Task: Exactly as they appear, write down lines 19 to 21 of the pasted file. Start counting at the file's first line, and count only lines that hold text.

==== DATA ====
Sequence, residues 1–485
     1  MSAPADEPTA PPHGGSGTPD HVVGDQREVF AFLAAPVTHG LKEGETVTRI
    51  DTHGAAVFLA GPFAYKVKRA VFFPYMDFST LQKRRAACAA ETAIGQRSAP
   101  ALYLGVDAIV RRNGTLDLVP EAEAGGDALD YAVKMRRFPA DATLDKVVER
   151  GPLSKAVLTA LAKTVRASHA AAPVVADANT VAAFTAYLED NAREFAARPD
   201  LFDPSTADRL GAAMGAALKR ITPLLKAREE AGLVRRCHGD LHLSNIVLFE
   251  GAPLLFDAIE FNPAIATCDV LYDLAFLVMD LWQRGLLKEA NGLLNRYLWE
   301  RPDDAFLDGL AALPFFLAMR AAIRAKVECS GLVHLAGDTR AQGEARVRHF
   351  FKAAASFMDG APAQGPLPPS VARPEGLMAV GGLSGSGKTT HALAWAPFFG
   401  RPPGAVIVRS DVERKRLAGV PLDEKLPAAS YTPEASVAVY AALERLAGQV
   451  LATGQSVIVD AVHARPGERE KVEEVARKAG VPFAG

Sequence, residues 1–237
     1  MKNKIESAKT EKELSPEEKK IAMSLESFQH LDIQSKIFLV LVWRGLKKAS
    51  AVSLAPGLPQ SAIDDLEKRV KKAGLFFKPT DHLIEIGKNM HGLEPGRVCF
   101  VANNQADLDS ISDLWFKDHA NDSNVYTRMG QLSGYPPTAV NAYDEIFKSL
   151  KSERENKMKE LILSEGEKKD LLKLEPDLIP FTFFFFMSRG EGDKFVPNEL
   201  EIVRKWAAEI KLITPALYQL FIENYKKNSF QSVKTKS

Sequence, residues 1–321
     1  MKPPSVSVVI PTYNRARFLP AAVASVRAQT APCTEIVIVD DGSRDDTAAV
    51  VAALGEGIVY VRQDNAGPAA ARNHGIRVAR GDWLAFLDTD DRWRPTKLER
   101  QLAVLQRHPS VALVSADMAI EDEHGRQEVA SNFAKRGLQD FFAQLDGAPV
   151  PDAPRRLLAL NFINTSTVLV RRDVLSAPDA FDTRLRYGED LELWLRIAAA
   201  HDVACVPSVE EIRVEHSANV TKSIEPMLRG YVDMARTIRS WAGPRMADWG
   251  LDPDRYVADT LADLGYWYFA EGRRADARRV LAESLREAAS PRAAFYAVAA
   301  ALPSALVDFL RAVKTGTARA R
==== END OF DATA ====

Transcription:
     1  MKPPSVSVVI PTYNRARFLP AAVASVRAQT APCTEIVIVD DGSRDDTAAV
    51  VAALGEGIVY VRQDNAGPAA ARNHGIRVAR GDWLAFLDTD DRWRPTKLER
   101  QLAVLQRHPS VALVSADMAI EDEHGRQEVA SNFAKRGLQD FFAQLDGAPV